The COVID-19 pandemic shook traditional broadcast television upside down. The sudden spike in television viewership and side effects of the late-March quarantine season will be felt drastically this Fall. The challenges of developing and managing content during the pandemic did not come with an easy step guide.
Networks across the nation came to a sudden halt in the spring, with studio heads, producers, and content creators alike were left searching for innovative answers. For traditional broadcasting networks, this meant filling advanced paid advertisement slots in a time when advertising was at an all-time low. Traditionally, advertising companies would pay to occupy a certain timeslot in advance and depending on the viewership, networks could demand a steep price for airtime. However, with nowhere to travel, and no events to prepare for, many companies were forced to make huge cuts in their market spending for 2020. Advertising is expected to plunge 13 % this year with too much unclarity in where consumers will be spending their dollars this year. Advertising giant WPP expects a 7.2% decline in revenue or approximately 42 billion dollars. NBC Universal, Warner Bros., Disney, Fox Corp., and other major networks were not spared from the hit. For television networks, the quick and devastating solution were pink slips and job cuts across the network. Overall, the entertainment industry saw job loss exceeding 800,000 in the second quarter of this year.
Production sets, that returned, are working with a reduced cast and crew, as a result of pay cuts, and will have to work fast lest there be another spike in cases. ABC, CBS, and Fox have all announced their Fall schedules and while some old favorites will return, pilots that were expecting their shot this fall, unfortunately, will be sidelined another year. ABC and CBS added only two new programs to their lineup, while Fox had to outsource two programs and added three new series to fill their schedule.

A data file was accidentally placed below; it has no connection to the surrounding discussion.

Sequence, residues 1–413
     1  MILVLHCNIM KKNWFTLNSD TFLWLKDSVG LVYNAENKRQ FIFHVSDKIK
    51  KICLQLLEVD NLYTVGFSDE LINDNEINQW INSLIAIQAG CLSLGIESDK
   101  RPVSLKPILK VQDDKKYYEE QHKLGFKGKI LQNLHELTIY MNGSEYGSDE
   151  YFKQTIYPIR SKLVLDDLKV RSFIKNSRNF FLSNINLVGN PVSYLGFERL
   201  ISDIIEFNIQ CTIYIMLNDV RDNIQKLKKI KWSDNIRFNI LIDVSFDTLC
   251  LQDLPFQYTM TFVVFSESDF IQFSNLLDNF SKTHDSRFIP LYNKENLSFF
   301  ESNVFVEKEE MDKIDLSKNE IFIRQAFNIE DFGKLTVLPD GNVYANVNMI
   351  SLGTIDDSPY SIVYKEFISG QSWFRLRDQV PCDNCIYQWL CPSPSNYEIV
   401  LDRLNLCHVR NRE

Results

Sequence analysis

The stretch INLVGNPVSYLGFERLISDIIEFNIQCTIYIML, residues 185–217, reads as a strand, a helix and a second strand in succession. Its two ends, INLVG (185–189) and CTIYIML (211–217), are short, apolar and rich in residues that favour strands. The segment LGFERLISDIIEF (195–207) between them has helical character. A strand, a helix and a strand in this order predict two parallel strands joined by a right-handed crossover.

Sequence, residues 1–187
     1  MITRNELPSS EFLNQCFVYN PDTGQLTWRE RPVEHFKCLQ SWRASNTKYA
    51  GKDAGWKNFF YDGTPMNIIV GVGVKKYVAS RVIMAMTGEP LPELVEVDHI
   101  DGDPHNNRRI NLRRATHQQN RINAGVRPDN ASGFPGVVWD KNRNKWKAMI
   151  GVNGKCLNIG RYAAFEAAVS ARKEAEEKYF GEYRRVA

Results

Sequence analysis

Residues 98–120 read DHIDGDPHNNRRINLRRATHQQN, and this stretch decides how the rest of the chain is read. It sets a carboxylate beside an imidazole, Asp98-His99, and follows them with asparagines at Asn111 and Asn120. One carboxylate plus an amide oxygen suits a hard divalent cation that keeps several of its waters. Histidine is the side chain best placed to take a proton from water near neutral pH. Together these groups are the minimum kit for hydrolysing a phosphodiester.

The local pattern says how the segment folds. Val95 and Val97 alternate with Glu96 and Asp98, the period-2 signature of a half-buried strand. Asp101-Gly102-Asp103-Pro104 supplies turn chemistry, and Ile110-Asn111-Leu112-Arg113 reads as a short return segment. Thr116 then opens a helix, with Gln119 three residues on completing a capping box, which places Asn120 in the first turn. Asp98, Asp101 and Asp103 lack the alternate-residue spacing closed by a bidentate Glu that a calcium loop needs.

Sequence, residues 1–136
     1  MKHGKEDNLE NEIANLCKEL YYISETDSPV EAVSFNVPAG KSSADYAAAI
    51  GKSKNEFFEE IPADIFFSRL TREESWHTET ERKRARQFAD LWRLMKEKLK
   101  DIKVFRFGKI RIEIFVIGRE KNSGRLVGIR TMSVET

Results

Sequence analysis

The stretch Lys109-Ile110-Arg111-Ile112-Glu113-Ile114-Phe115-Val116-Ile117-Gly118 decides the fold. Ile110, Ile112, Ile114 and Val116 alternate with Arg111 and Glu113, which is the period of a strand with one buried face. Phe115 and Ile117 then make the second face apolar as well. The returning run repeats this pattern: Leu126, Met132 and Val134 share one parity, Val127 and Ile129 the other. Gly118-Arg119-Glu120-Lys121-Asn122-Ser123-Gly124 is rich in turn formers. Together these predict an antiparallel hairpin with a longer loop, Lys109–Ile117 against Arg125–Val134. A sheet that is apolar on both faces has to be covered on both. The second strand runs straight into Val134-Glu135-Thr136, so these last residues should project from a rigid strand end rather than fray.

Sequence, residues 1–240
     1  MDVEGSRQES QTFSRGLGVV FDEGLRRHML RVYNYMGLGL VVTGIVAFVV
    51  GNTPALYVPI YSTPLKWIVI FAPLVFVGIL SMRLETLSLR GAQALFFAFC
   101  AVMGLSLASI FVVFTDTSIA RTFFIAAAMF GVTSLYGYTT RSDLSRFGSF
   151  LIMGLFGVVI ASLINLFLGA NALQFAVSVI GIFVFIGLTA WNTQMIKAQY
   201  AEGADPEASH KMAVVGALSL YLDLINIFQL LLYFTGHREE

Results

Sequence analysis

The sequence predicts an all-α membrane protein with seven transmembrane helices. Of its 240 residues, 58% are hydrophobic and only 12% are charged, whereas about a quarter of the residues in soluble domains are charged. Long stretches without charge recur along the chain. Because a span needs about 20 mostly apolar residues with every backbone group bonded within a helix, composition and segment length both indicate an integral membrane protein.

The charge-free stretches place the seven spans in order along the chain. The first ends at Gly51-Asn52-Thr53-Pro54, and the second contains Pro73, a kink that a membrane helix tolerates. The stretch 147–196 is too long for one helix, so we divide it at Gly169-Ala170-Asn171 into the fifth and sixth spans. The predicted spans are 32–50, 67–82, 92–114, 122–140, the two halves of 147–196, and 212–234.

Thankfully some of America’s most beloved shows bounced back with almost no falter. NBC’s “The Tonight Show Starring Jimmy Fallon”, paved the way with adapted sets and guests filming their own content from home. ABC’s “American Idol”, which made dramatic adaptations to provide viewers with the same live performances and critiques was well received. The finale, which aired in May 2020, averaged a total of 7.26 million viewers. With “The Bachelorette” and “Dancing with the Stars” set to return, ABC may expect to survive this pandemic without much loss. Even still, this pandemic has certainly tested the traditional broadcasting networks and raised many questions for the future of television.